This paper consists in a study of the development of Husserl’s thought on the notions of phantasy and image consciousness. It shows how, following a first phase in which he still identified phantasy with image consciousness, Husserl gradually began to distinguish the two and define what is proper to each in an increasingly precise manner.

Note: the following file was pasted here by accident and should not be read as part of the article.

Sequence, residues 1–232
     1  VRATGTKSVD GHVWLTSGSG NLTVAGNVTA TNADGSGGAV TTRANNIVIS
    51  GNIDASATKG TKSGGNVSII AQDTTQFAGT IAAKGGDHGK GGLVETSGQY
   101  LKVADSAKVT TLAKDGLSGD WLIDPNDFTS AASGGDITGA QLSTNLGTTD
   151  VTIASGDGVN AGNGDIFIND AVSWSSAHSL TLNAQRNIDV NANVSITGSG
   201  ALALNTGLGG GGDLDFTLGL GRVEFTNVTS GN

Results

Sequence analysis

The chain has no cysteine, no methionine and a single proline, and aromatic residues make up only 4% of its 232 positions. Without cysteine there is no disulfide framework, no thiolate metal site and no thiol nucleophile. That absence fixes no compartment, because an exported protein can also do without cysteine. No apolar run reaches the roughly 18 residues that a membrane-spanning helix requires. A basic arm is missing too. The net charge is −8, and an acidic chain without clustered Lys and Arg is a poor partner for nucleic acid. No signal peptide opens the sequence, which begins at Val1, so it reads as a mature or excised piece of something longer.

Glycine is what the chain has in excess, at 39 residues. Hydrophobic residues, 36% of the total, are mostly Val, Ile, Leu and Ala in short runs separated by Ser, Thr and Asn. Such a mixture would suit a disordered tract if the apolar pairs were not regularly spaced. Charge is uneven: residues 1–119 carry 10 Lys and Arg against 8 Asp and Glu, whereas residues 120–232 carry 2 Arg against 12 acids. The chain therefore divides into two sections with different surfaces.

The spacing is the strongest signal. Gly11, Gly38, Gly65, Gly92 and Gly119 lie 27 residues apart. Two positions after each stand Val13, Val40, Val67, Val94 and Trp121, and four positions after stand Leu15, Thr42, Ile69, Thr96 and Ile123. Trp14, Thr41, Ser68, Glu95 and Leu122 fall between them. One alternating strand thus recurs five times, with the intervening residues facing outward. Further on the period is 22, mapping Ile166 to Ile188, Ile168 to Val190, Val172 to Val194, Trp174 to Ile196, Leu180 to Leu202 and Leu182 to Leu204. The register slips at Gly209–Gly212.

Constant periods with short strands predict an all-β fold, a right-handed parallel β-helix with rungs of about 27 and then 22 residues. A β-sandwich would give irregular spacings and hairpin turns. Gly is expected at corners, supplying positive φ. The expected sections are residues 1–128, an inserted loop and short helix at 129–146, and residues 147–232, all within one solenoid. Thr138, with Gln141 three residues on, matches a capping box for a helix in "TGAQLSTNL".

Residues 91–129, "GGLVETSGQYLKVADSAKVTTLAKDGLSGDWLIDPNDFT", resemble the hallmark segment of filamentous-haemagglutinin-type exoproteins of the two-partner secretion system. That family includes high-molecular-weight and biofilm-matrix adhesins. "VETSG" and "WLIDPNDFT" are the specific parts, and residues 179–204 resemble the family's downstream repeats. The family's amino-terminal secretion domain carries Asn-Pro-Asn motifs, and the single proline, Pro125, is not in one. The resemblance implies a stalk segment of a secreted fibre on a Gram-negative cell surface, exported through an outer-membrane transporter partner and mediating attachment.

The paper then shows how Husserl came to view pure phantasy as a modification of perception. Concerning image consciousness, it shows how the status of the image-object and the nature of its reference to the image subject evolved throughout Husserl’s thought. The problems raised by this model are also discussed, in particular when it comes to cases where there is no image subject, e.g. in theatre. Finally, the paper shows how the development of these concepts in Husserl’s work involves a new conception of the notion of “phantasm” – one that goes hand in hand with rejection of the ‘content of apprehension-apprehension’ scheme.